As concerns over obesity and its impact on pregnancies continue to grow in the healthcare community, researchers are exploring viable weight loss options for pregnant women. With bariatric surgery gaining popularity, new studies have explored the safety and effectiveness of the gastric band and pregnancy, and whether this form of weight loss surgery is advisable for expectant mothers who are obese. Now, recent research is revealing that gastric banding is indeed safe for young women who are pregnant as well as for those who want to get pregnant in the future.
Obesity’s Potential Impact During Pregnancy
Obesity is a medical condition characterized by the accumulation of excess body fat, usually a result of the interplay between poor diet choices, sedentary lifestyle and genetic factors, affecting as much as 37% of young women aged 20 to 39 years. Obese patients are diagnosed using the calculation of the body mass index (BMI) and are at higher risk of heart disease, diabetes, obstructive sleep apnea, osteoarthritis and some types of cancer.
Furthermore, obesity is also associated with numerous negative impacts both in fertility and pregnancy. Obesity, due to the hormonal effects in the body including uncontrolled production of estrogen, is associated with irregular menstruation, infertility and miscarriage. In pregnancy, it has been shown in previous studies that obese women have a higher risk of pregnancy-associated diabetes and hypertension, large babies, and cesarean section, among others.
The management of obese women can be challenging. The first approach usually involves a combination of dietary changes and exercise. As most drugs used to lose weight have questionable efficacy, patients with obesity that is refractory (unresponsive) to these interventions are frequently advised to undergo bariatric surgery.
The safest bariatric surgery method available today is called Laparoscopic Adjustable Gastric Banding, which is sometimes referred to as the “Lap Band” brand name, though there are other competing gastric band devices as well. In a gastric band procedure, the surgeon, through small (0,5-1,5 cm) incisions and with the help of a camera, inserts a silicone band around the stomach that restricts the nutrient intake by creating a narrow passage. Once inserted, the band’s tightness can be adjusted by the addition or removal of saline solution through a port placed under the skin.
A recent study entitled “Pregnancy after laparoscopic gastric banding: maternal and neonatal outcomes” published in 2014 in the International Journal of Surgery looked into the safety of bariatric surgery in both fertility and pregnancy complications. A team of researchers from the University of Salerno and the University of Naples Federico II, Italy, led by Dr. Vincenzo Pilone concluded, after studying data from 140 women between 18 and 46 years and 26 pregnancies, that the “Lap Band” is a safe procedure — including during pregnancy — and is not associated with complications for the mother or the fetus.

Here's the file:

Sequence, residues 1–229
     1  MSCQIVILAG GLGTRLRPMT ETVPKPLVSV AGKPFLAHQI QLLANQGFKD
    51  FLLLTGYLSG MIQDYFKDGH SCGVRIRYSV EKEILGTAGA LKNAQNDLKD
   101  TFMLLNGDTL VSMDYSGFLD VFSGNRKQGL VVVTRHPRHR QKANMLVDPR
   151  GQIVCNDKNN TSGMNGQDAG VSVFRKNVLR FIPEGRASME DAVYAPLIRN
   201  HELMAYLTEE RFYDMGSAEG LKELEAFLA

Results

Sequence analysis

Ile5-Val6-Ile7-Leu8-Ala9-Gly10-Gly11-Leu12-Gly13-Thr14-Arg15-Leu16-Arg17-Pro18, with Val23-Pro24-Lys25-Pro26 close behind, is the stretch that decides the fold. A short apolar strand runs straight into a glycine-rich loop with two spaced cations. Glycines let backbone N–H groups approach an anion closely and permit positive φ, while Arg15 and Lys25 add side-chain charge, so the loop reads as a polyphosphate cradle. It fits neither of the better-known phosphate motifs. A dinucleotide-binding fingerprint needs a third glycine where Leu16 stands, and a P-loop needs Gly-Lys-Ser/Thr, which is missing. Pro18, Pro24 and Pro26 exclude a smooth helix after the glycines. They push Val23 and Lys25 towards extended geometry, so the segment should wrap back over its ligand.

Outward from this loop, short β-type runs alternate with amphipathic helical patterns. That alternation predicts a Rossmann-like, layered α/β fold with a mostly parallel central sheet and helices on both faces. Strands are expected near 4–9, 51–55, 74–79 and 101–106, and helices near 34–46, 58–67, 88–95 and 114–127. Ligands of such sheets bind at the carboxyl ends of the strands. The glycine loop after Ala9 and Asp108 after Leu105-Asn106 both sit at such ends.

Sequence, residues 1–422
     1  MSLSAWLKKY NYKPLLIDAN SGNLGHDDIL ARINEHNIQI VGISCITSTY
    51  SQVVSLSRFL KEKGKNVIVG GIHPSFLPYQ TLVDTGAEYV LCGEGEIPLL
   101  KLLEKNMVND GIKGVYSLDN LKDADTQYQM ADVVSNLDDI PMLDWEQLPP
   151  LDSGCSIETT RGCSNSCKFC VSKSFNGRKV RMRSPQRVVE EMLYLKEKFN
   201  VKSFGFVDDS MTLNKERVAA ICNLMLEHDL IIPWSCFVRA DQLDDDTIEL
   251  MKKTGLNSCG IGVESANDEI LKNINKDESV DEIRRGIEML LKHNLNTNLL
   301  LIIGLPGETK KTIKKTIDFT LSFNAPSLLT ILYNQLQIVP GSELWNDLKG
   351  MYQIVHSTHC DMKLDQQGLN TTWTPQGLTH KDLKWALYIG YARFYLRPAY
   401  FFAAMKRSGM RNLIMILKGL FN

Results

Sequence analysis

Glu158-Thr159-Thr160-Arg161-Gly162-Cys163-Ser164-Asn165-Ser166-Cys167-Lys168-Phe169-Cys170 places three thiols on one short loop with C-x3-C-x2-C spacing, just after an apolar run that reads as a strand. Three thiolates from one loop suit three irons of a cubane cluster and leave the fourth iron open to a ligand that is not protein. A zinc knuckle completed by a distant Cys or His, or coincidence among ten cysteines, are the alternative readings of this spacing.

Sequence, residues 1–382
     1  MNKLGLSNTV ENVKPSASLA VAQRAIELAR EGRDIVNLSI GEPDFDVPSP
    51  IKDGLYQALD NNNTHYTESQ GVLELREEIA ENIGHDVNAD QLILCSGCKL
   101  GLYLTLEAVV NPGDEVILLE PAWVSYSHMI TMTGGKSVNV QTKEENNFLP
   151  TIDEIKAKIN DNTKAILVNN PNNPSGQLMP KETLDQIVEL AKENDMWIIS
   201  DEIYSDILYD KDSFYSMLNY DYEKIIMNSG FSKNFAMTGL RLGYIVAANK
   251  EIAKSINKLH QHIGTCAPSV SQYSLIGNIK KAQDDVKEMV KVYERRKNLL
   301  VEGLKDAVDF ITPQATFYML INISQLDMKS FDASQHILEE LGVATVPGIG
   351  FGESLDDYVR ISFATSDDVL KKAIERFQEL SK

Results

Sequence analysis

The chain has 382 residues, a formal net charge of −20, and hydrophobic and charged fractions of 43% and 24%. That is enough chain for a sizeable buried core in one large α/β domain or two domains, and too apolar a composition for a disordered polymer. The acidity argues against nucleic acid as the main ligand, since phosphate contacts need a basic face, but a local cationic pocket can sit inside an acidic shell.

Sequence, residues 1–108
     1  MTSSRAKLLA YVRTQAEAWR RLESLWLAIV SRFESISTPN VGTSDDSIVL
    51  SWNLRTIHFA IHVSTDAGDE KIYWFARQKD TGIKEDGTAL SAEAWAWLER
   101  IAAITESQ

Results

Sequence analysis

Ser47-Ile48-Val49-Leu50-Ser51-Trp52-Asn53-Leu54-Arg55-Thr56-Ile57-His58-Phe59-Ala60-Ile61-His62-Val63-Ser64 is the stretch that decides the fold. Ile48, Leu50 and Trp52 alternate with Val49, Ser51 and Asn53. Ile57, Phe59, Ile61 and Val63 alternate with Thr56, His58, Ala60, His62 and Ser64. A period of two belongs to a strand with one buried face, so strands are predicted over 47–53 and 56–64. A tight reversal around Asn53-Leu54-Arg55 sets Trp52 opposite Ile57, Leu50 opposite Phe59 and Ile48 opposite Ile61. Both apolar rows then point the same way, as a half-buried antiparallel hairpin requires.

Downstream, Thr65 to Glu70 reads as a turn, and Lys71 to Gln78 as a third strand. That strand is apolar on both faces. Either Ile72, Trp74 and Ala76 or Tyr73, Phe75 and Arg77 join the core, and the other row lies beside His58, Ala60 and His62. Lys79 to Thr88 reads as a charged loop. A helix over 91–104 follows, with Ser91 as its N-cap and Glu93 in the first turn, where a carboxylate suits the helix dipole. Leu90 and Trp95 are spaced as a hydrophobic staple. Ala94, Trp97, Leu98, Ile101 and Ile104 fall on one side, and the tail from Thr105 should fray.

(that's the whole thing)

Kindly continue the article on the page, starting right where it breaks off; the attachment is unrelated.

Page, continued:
Of the 140 obese women of reproductive age (18-46 years old) studied who underwent LAGB between January 2006 and December 2011, 26 of these patients became pregnant, with a total of 22 babies born and 4 miscarriages. Researchers report that mean time from receiving the gastric band to becoming pregnant was 15.8 months. Band adjustments were performed at some point in 100% of patients during the first trimester of their pregnancies, and the average weight gain at the end of pregnancy was 14.66 kg.
The study revealed that none of the pregnant women experienced gestational or obstetrical complications because of the gastric band. One patient experience band slippage, which required surgery, and one patient presented iron-deficiency anemia, and 100% of deliveries were by cesarean section (common among pregnant women who are obese).
However, there were no perinatal complications or malformations recorded, and the average baby weight was 3027 g.
As discussed previously, obesity is an epidemic in the western countries associated with various health complications. Because it is difficult to manage, “weight loss surgery” is often needed to achieve the target weight. According to the findings of this research, laparoscopic Adjustable Gastric Banding is a very safe procedure with a mortality rate of 0.05% and is an alternative even for pregnant women with no negative implications for the baby.
Diogo Bruno is a OB/GYN resident at Centro Hospitalar Lisboa Ocidental and Hospital Prof. Dr. Fernando Fonseca. He has recently obtained a Harvard Medical School certificate in clinical research, and is also a lecturer and medical writer. He has also worked on various research internships, is a certified trainer and has presented works in gynecology and obstetrics at several key health meetings.